This could stir a debate. A good running game depends more on the execution of the offensive line, while good pass protection is only as good as the quarterback’s ability to escape from pressure:

Rushing is more dependent on the offensive line than people realize, but pass protection is more dependent on the quarterback himself than people realize.

Some readers complain that this idea contradicts the previous one. Aren't those consistent running backs just the product of good offensive lines? The truth is somewhere in between. There are certainly good running backs, such as Edgerrin James since his move to the Arizona Cardinals, who suffer because their offensive lines cannot create consistent holes. Most boom-and-bust running backs, however, contribute to their own problems by hesitating behind the line whenever the hole is unclear, looking for the home run instead of charging forward for the four-yard gain that keeps the offense moving.

As for pass protection, some quarterbacks have better instincts for the rush than others, and are thus better at getting out of trouble by moving around in the pocket or throwing the ball away. Others will hesitate, hold onto the ball too long, and lose yardage over and over.

Note that "moving around in the pocket" does not necessarily mean "scrambling." In fact, a scrambling quarterback will often take more sacks than a pocket quarterback, because while he's running around trying to make something happen, a defensive lineman will catch up with him.

Rushing: Anything written about the Arizona Cardinals during 2006

The Broncos had better take advantage of the “spread offense” now, before the rest of the league adjusts their defenses to it:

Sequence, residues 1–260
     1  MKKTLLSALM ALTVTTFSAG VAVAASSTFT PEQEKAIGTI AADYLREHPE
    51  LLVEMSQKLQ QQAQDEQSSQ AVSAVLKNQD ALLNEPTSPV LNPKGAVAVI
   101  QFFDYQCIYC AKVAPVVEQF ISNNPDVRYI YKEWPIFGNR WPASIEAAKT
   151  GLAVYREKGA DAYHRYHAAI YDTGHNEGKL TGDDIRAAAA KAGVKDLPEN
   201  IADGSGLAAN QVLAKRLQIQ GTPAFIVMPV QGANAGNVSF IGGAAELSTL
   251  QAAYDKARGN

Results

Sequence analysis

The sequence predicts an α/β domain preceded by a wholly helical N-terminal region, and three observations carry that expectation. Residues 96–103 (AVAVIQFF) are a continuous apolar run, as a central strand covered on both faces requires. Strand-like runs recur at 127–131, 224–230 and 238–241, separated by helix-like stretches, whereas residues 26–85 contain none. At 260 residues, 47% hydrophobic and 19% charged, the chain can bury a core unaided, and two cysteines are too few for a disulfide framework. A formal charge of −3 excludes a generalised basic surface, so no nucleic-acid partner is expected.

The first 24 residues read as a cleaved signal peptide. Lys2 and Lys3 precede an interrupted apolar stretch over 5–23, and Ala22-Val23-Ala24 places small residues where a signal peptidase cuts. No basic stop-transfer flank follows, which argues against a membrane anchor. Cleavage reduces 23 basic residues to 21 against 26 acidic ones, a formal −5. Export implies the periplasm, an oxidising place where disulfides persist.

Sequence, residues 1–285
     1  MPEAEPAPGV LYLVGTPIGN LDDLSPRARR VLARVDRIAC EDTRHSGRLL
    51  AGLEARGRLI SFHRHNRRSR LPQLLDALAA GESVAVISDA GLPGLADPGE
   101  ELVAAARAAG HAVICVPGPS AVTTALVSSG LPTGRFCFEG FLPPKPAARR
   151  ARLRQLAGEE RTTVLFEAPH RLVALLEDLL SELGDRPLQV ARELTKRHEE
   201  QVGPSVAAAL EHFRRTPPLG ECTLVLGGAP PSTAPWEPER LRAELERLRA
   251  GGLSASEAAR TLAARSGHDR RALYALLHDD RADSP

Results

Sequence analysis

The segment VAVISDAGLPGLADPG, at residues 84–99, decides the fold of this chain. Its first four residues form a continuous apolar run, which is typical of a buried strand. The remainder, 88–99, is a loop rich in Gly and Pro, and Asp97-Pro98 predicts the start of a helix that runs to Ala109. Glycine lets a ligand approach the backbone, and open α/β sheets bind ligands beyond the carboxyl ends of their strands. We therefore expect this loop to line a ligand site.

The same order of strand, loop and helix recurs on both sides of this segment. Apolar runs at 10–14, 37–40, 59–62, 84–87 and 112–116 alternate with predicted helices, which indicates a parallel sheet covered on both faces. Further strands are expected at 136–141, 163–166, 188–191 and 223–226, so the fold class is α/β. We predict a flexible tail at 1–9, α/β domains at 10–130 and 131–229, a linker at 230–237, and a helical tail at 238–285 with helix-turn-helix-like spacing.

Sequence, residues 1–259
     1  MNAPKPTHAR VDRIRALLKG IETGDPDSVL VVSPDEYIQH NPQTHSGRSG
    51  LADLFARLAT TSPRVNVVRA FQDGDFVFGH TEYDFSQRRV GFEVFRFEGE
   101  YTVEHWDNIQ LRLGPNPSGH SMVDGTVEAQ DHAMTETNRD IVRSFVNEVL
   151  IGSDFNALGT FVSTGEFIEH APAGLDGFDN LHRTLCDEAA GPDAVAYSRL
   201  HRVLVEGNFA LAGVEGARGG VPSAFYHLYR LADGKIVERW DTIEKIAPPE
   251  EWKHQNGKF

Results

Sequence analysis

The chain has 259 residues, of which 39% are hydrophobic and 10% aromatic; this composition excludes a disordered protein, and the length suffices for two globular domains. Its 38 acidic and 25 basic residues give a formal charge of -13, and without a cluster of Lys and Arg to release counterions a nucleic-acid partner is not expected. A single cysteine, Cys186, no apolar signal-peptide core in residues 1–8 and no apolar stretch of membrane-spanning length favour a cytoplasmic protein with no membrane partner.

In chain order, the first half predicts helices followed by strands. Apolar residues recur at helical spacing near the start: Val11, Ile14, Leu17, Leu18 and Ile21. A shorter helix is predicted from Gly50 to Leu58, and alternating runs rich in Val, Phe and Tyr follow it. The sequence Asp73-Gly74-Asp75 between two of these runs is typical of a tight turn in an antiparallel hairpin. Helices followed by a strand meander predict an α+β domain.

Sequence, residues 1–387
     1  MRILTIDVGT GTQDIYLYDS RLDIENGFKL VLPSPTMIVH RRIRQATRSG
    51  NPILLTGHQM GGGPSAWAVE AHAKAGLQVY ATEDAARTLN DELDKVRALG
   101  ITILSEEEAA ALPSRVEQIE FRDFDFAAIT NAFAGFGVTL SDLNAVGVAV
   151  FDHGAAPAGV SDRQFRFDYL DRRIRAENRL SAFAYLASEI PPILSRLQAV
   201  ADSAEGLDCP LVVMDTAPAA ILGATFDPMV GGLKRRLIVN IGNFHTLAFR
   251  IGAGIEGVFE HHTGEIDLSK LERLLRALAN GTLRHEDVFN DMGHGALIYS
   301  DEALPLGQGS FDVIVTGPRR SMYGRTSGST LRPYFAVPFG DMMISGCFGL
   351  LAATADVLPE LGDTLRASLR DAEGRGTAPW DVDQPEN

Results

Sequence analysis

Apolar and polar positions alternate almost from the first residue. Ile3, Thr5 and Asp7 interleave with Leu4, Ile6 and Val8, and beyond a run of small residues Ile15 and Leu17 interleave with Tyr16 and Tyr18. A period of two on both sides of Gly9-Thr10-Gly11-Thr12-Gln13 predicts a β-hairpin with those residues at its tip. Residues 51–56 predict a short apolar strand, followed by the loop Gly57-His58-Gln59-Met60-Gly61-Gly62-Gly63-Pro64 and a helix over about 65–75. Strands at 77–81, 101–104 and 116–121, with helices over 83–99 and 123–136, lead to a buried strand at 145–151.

Shotgun formations are generally more efficient than formations with the quarterback under center.

In 2007, offenses gained 5.9 yards per play from shotgun, but just 5.1 yards per play with the quarterback under center. In 2006, the difference was even greater, with 6.4 yards per play from shotgun and just under 5.0 yards per play with the quarterback under center. This wide split exists even if you analyze the data to try to weed out biases like teams using shotgun more often on third-and-long, or against prevent defenses in the fourth quarter. Shotgun offense is more efficient if you only look at the first half, on every down, and even if you only look at running back carries rather than passes and scrambles.

Clearly, NFL teams have figured the importance of the shotgun out for themselves. In 2007, for the first time, every single team ran at least eight percent of their plays from shotgun, and the average team used shotgun 27 percent of the time, a huge jump over the 19 percent average of 2006. The 2007 Patriots were the first team in our records to use shotgun on more than half their offensive plays. It is likely that if teams continue to increase their usage of the shotgun, defenses will adapt and the benefit of the formation will become less pronounced.

Pro Football Prospectus 2007, Tampa Bay chapter

In his last 3 or 4 years with the Broncos, Mike Shanahan was attempting to accomplish just what is being said below, in my opinion:

Offense is more consistent from year to year than defense, and offensive performance is easier to project than defensive performance. Special teams is less consistent than either.